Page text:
US Senator Biden Defends Comments About Rivals As Presidential Bid Begins January 31, 2007Posted by notapundit in Congress, Politics, US News.
NEW YORK (AP)–Sen. Joe Biden spent his first day as an official presidential candidate explaining why he had described Democratic rival Sen. Barack Obama as “clean,” and why he harshly criticized Sen. Hillary Rodham Clinton.
The six-term Delaware lawmaker, who has said for months he would be a candidate in 2008, formally establish his presidential committee Wednesday and launched a campaign Web site. It is the second presidential bid for Biden, who pursued the White House in 1988.
But in a conference call with reporters to discuss his candidacy, Biden was peppered with questions about remarks he made to the New York Observer, a weekly newspaper.
In the article, published Wednesday, Biden took Clinton and candidate John Edwards to task for their proposals to end the Iraq war. He also questioned the credentials of another leading candidate, first-term Illinois Sen. Barack Obama, while calling him “a mainstream African-American who is articulate and bright and clean.”
Biden told reporters that he’d used the word “clean” to describe Obama as “fresh and new,” and that the choice of words was not meant to disparage other black candidates who had run for president in the past, such as civil rights leaders Jesse Jackson and Al Sharpton.
Obama, Biden said, “is probably the most exciting candidate the Democratic or Republican parties have produced since I’ve been around. He’s fresh, new, smart, insightful. Lightning in a jar.”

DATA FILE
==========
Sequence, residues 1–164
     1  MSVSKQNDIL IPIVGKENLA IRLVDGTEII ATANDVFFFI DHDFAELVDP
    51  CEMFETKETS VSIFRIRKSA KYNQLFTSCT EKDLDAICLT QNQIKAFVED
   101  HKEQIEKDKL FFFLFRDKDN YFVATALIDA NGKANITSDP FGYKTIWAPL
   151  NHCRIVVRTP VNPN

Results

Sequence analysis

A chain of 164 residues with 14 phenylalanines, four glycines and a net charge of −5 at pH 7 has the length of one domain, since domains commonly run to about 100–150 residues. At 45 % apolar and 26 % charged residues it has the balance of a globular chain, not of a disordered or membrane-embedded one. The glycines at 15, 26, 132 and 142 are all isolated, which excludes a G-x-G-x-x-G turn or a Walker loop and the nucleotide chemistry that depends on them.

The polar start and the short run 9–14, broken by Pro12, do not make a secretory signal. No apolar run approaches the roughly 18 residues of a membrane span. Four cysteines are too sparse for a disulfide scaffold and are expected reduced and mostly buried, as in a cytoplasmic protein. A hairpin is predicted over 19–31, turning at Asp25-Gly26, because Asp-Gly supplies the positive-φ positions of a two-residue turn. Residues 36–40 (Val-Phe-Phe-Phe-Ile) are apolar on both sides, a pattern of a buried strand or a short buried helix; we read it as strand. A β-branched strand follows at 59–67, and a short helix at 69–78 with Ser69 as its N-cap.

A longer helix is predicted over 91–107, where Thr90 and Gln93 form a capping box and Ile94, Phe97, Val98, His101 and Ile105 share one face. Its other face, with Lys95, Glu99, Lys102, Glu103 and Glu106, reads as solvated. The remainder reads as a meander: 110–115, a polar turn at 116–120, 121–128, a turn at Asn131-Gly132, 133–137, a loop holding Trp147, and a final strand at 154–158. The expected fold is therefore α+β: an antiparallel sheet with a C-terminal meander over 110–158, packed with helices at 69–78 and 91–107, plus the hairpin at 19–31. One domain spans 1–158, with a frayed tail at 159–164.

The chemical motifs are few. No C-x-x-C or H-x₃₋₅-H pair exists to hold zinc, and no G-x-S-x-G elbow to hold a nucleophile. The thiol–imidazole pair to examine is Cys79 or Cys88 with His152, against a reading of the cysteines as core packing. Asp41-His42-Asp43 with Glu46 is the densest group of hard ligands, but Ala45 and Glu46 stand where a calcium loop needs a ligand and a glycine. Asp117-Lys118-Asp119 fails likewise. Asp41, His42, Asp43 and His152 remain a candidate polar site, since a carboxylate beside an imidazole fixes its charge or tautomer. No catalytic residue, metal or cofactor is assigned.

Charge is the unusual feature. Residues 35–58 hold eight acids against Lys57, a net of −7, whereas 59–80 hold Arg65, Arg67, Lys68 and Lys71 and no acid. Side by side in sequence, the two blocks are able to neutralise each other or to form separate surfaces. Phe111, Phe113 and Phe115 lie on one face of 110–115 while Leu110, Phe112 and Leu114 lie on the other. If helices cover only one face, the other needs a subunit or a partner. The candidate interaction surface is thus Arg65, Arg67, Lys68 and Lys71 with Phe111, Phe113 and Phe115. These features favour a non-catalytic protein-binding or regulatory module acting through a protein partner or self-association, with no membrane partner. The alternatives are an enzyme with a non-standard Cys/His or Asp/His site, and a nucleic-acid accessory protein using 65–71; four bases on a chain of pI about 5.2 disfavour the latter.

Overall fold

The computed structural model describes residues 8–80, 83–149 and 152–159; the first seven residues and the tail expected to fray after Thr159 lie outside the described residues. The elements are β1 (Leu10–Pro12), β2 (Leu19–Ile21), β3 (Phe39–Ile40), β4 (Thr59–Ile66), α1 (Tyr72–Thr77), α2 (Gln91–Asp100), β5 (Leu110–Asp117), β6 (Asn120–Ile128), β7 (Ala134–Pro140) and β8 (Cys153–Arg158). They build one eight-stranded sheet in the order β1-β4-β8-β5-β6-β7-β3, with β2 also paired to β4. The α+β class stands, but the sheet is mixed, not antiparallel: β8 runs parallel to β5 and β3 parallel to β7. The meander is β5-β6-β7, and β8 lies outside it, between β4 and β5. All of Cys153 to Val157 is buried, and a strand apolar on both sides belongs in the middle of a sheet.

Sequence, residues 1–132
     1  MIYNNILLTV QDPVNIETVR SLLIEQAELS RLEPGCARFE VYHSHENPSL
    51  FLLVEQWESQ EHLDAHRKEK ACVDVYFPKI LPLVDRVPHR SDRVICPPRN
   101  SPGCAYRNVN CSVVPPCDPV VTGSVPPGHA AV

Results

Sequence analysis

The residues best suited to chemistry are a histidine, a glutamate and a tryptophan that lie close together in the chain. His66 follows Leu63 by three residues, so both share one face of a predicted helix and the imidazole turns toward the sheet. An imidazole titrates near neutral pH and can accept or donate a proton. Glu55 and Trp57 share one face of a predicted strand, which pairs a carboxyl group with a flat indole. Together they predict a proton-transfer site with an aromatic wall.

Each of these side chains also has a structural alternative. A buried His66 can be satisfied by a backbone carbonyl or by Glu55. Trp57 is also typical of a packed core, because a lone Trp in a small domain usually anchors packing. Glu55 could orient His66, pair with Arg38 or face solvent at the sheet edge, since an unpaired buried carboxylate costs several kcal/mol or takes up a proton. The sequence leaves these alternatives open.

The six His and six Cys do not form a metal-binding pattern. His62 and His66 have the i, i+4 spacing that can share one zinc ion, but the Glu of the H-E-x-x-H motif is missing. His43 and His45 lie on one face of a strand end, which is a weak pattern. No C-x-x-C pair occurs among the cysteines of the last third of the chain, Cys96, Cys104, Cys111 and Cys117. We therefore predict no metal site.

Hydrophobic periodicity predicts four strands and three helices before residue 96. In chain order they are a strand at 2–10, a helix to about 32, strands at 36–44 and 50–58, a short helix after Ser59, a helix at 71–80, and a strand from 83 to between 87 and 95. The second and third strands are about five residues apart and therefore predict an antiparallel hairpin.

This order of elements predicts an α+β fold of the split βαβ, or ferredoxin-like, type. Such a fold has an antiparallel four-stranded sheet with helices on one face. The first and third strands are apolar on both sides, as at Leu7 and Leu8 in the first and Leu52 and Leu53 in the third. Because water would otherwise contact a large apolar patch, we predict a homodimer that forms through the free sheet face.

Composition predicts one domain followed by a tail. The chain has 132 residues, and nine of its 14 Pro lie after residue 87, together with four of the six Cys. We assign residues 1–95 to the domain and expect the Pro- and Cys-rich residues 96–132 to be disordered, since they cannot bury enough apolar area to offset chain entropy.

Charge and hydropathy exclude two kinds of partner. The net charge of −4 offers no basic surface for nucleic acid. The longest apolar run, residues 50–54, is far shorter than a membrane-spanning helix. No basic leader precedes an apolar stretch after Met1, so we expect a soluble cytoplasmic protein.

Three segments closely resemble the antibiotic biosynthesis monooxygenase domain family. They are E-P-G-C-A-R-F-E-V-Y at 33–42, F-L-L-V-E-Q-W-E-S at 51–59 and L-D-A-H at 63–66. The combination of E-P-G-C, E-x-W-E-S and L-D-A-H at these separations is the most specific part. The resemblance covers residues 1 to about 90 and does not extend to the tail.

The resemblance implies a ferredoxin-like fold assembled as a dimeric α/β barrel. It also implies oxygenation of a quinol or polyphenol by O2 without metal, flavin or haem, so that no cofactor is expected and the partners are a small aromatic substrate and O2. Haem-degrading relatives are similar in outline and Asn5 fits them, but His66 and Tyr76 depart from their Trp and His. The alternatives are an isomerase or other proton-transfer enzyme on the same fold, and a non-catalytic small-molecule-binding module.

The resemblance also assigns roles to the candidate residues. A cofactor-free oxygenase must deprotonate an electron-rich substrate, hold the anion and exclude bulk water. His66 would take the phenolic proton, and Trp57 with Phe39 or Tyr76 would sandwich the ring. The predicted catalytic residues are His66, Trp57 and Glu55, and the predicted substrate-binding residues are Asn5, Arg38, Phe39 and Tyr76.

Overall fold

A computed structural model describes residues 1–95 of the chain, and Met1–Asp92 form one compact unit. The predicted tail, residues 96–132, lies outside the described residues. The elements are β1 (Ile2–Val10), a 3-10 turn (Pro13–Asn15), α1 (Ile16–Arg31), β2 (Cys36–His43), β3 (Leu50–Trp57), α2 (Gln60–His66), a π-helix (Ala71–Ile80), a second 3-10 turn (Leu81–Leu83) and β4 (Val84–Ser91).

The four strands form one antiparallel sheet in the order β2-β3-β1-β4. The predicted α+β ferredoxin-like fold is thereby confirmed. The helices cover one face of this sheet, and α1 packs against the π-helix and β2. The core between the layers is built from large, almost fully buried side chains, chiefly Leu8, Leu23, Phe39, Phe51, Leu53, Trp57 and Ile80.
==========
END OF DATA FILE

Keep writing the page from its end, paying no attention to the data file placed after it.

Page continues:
Biden also said he had called Obama after the controversy surfaced to patch things up.
“He said, ‘Joe, I knew what you meant,”‘ Biden said.
At a Washington news conference earlier in the day, Obama said: “You’d have to ask…Sen. Biden what he was thinking.” But an Obama aide confirmed the two senators had indeed spoken.
“Sen. Obama said that he didn’t take the comment personally,” spokesman Tommy Vietor said.
Biden was also grilled about comments he made regarding proposals offered by Clinton and Edwards to stabilize the situation in Iraq.
A 34-year Senate veteran known for his foreign policy expertise, Biden called Clinton’s proposal – which would cap American troops and threatens to cut funding to Iraqi security forces – “nothing but disaster.” He also criticized Edwards, who has proposed immediately removing 40,000-50,000 U.S. troops from Iraq.
“I don’t think John Edwards knows what the heck he is talking about,” Biden said.
Pressed to explain, Biden reiterated his claim that his rivals’ Iraq plans were a mistake. He also said that while the Democratic field has a number of well-qualified contenders, he was the best qualified to serve as president.
“I believe I’m the best prepared of all the candidates,” he said. “That I can say someone is qualified but can’t take issue with their ideas is a strange phenomenon.”